the door and asked where I had been. I tried to tell him what had
happened and he told me I was crazy. Then I went to the phone booth
on the corner.
David Savidge, former
police officer: We responded to a female, Josefina Rivera,
and we met her at 6th and Oxford. She told a bizarre tale of being
held captive and chained up and people that were in the basement.
John Cannon, former
police officer: She said he’s up the corner, at 6th and
Girard. I said, well, let’s see if Mr. Gary’s up there … and sure
enough, there was a Cadillac, just like she described. We got out,
approached, ordered him out of his car. The girl came down and said,
“Yeah, that’s him, that’s him. He raped me and killed these two
other girls, and he had me eating her bones. He cut up this girl and
put her in a pot and made us eat her.” She said other girls were
still in there, down in the cellar in a hole. I said, “Wow.”
James Hansen, former
police lieutenant: When I got there, the house was sort of
intimidating. It had metal doors on it, and all the windows had bars,
and in the bars was a crucifix.
The television was up, playing real loud. We went to the cellar door,
down to the cellar, in the back, and sure enough, laying on the
floor were these half-naked girls, and they were screaming, “We’re
saved, we’re saved.”
I went right to the freezer in the kitchen. Josefina had said he had
body parts in there. So I open the freezer, and I went to enough
autopsies to know they were body parts. Then I proceed down to the
basement, and the girls are sitting on a mattress, they were in
shock, naked. They were chained to a soil pipe, padlocked. We had to
go to the firehouse and get bolt cutters.
Every news media from around the world was on our block for the next
two weeks. They came with their big trucks. I remember Dennis
Woltering, Bill Baldini, a lot of the reporters for Channel 6. There
was this one tiny little guy who had to stand on a milk crate when
he was on TV. We were all laughing at him.
Larry Kane, TV newsman:
We thought we were tired of the story after three weeks, but the
audience just couldn’t get enough. In my career, not counting the
MOVE massacre and the senseless terrorist killings, this was the
most bizarre thing to ever happen.
People were constantly talking about the case. And there were these
crazy jokes. “Chuck, I heard you charged him an arm and a leg.”
“Gary Heidnik debuted his own brand of clothing today: Dismembered
Only.” Some were funny. Some weren’t. Eventually Gary’s story wound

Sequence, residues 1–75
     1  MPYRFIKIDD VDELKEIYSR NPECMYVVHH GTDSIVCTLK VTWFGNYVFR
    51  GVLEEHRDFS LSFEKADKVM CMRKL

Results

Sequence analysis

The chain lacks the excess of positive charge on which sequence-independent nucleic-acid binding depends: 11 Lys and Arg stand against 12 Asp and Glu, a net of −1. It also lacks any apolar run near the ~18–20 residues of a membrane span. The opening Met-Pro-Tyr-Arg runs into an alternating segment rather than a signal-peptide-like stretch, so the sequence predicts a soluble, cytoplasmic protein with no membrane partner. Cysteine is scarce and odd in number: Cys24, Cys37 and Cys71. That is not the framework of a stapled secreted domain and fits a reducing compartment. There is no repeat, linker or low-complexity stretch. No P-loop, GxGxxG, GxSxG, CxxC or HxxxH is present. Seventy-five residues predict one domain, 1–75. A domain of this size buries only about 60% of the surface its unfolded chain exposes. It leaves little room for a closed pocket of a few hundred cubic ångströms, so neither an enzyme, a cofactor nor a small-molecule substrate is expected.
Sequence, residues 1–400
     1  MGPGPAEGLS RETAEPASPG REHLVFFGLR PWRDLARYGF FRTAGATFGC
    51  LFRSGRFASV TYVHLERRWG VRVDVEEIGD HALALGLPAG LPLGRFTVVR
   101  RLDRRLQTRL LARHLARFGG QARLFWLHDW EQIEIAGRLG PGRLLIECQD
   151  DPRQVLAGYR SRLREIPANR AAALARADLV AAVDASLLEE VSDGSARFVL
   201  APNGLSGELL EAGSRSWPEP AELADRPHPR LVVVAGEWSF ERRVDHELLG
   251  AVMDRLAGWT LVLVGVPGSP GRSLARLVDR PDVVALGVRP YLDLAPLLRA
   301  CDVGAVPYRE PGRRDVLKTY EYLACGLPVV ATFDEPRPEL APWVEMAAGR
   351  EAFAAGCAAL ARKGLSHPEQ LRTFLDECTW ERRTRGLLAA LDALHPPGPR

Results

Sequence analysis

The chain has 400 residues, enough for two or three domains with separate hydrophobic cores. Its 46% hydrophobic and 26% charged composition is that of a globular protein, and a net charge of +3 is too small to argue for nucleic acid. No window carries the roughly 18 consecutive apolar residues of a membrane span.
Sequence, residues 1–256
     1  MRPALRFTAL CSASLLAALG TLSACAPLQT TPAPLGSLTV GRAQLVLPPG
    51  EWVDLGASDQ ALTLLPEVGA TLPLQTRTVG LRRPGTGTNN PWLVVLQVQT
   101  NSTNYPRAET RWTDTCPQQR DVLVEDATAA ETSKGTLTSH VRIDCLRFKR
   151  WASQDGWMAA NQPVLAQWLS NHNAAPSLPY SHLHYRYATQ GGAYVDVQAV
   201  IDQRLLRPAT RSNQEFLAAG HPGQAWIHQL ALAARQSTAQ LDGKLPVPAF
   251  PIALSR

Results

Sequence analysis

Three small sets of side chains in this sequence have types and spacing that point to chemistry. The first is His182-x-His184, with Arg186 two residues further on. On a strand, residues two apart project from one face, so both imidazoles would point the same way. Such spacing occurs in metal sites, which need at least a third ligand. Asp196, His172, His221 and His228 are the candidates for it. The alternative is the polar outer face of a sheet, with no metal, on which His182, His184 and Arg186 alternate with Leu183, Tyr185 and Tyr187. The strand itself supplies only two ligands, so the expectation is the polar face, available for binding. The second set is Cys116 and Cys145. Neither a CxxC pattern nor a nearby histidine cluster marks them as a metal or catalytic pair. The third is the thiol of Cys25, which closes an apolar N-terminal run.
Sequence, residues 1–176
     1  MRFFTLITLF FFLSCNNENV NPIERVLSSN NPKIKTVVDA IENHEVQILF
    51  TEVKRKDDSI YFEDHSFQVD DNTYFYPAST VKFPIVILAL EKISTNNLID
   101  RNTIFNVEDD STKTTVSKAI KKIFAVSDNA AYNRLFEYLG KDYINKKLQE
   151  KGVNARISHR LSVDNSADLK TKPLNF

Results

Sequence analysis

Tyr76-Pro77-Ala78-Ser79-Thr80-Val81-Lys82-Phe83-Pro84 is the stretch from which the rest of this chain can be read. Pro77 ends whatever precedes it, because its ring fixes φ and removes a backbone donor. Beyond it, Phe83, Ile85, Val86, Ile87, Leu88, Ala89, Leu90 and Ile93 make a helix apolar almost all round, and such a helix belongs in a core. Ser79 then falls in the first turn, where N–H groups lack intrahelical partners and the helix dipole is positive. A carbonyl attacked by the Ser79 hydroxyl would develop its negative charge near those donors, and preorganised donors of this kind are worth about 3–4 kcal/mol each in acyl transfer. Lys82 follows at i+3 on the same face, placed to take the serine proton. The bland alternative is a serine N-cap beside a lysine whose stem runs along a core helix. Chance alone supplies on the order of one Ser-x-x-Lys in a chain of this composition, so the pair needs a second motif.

its way into Silence of the Lambs. If you watch that movie,
you can see a lot of Heidnik in the Buffalo Bill character. The way
he has the girl in the pit.
I was on Sally Jessy Raphael with the victims. I asked them about a
time when I heard this banging constantly. And I was like, what the
hell is that? So I think it’s Gary or something, and I bang back,
and it stops. And I asked them, why didn’t you yell and tell me you
were trapped? And they said they thought it was Gary banging back,
that he was in the house. I don’t know why we never heard them.
I was trying a homicide in Lancaster, and my secretary calls me and
says that a guy claiming to be Gary Heidnik was calling me from
prison. It was all over the papers and airwaves. I thought it was
somebody playing a joke on me at first. I go up to see him, and the
first thing he does is salutes me. Then he starts telling me the
story, but he’s obviously skipping major parts. So I said, “Gary,
the police reports, in the newspaper at least, it shows that when
they executed a search warrant, there was a head of a woman, boiling
in a pot on the stove, right then and there! Were you cooking the
head?” He says yeah. I said, “Well, what kind of seasoning do you
use?” And he looked at me and he said, “You’re crazy.” I didn’t get
that ridiculous with him after that, because I realized that this
guy was either very evil, or very insane.
We all were amazed at how Gary looked during the trial. He was
always a good-looking, well-kept kind of guy. He was always clean-cut
and very decent-looking. And then at the trial — before it started,
I met his lawyer, he came around the house. And I said, “You’re
making Gary look crazy. He never looked like that. You’re making him
look like Manson.” And he says, “Isn’t it wonderful?”
If you want to demonstrate that someone is insane, then they gotta
fucking look insane. During the trial, he looked like a total whack-job.
Did I do that? Yes. But doesn’t Women Organized Against Rape dress
up their victims?
There was a belief that he was feeding the girls the body parts of
Sandra Lindsay, mixed in with dog food. We examined the Cuisinarts
and other things in the kitchen, but we never found any physical
evidence of that. And we didn’t press it at trial, because, yes, it
would have cast him in a crazier light.
If you make your victims eat human flesh, that’s sadistic. But if
you eat it yourself, that’s insane. I thought Charlie was gonna blow
a blood vessel during that time in the trial when I tried to get
that in. But Charlie was correct — there was no evidence of
cannibalism. I started all that. I would leak it, and by week’s end,
he’s a cannibal.